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1. Myopia

What is Myopia

Myopia, or nearsightedness, is a refractive error, which means that the eye does not bend or refract light properly to a single focus to see images clearly. In myopia, close objects look clear but distant objects appear blurred. Myopia is a common condition that affects an estimated 25 percent of Americans. It is an eye focusing disorder, not an eye disease.

Causes of Myopia

In order for our eyes to be able to see, light rays must be bent or refracted by the tear film, the cornea and the lens so they can focus on the retina, the layer of light-sensitive cells lining the back of the eye. The retina receives the picture formed by these light rays and sends the image to the brain through the optic nerve, which is actually part of the brain.

Myopia occurs when the eye is longer than normal or has a cornea (clear front window of the eye) that is too steep. As a result, light rays focus in front of the retina instead of on it. This allows you to see near objects clearly, but distant objects will appear blurred.

Symptoms for Myopia:

Some of the signs and symptoms of myopia include eyestrain, headaches, squinting to see properly and difficulty seeing objects far away, such as road signs or a blackboard at school.

Myopia symptoms may be apparent in children when they are between ages eight and 12 years old. During the teenage years, when the body grows rapidly, myopia may become worse. Between the ages of 20 and 40, there is usually little change.

Treatment for Myopia

There is no best method for correcting myopia. The most appropriate correction for you depends on your eyes and your lifestyle. You should discuss your lifestyle with your ophthalmologist to decide which correction may be most effective for you.

Eyeglasses or contact lenses are the most common methods of correcting myopia symptoms. They work by refocusing light rays on the retina, compensating for the shape of your eye. Eyeglasses can also help protect your eyes from harmful ultraviolet (UV) light rays. A special lens coating that screens out UV light is available.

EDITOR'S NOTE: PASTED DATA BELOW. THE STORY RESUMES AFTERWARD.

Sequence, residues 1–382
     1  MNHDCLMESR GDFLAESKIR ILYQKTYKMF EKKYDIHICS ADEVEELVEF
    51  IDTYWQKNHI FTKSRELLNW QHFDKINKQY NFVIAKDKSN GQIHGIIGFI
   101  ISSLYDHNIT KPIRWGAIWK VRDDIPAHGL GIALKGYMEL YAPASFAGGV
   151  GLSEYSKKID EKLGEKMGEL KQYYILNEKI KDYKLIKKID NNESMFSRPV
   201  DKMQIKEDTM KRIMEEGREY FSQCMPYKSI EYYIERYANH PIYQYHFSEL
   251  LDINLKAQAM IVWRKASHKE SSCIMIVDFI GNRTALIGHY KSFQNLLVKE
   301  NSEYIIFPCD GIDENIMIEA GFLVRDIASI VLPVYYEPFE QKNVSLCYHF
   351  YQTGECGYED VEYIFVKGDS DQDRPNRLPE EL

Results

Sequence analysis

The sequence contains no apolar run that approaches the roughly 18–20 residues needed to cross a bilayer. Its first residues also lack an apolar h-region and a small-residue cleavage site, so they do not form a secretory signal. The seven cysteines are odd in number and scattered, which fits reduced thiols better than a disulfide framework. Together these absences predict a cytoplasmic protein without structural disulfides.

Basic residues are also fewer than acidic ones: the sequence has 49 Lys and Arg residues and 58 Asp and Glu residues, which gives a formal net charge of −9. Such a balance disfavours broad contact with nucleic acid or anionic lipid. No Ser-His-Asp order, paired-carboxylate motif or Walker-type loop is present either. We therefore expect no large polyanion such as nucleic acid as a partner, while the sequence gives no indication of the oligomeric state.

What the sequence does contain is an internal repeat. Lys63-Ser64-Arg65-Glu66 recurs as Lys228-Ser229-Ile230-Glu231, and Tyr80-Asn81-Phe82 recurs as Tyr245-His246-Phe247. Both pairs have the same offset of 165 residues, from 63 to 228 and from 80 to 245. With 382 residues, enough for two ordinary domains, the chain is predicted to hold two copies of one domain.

2. Presbyopia

What is Pesbyopia:

Presbyopia (which literally means “aging eye”) is an age-related eye condition that makes it more difficult to see very close.

When you are young, the lens in your eye is soft and flexible. The lens of the eye changes its shape easily, allowing you to focus on objects both close and far away.

After the age of 40, the lens becomes more rigid. Because the lens can’t change shape as easily as it once did, it is more difficult to read at close range. This normal condition is called presbyopia.

Since nearly everyone develops presbyopia, if a person also has myopia (nearsightedness), hyperopia (farsightedness) or astigmatism, the conditions will combine. People with myopia may have fewer problems with presbyopia.

Causes of Prebyopia

Unlike other refractive errors such as nearsightedness (myopia), farsightedness (hyperopia) and astigmatism, presbyopia is caused by an age-related process that leads to the eye’s lens losing its flexibility.

It is generally believed that as we age, changes in the lens’s proteins make the lens more rigid and less flexible over time. Also, muscles surrounding the lens may lose their elasticity. As the lens becomes less flexible and able to change shape as easily as it used to, the eye has a harder time focusing on close objects. This is why people over age 40 often find themselves holding reading material farther away to be able to see it clearly.

Symtoms for Presbyopia

Some of the signs and symptoms of presbyopia include eyestrain, headaches or feeling tired from doing up-close work. One of the most obvious signs of presbyopia is the need to hold reading materials at arm’s length in order to focus properly.

The symptoms of hyperopia (farsightedness) and presbyopia are similar, however, they are caused by different things. Hyperopia is a refractive error that occurs when the eye is shorter than normal or has a cornea (clear front window of the eye) that is too flat. As a result, light rays focus beyond the retina instead of on it. Generally, this allows you to see distant objects clearly but near objects will appear blurred. While hyperopia is usually present from birth, presbyopia develops later — usually around age 40.

Correcting Presbiopia

Reading glasses are a very common and easy way to correct presbyopia symptoms, and are typically worn just during close work such as reading, sewing, etc. These “readers” are easily purchased at drug stores and other retail stores. You can also choose higher-quality versions prescribed by your eye doctor. If you decide to pick out a pair of reading glasses from the store, it is important that you select the weakest pair that will allow you to read newspaper-size print without difficulty.

If you wear contact lenses, your eye doctor can prescribe reading glasses that can be worn with your regular contacts to help you adjust to detailed, close-up work.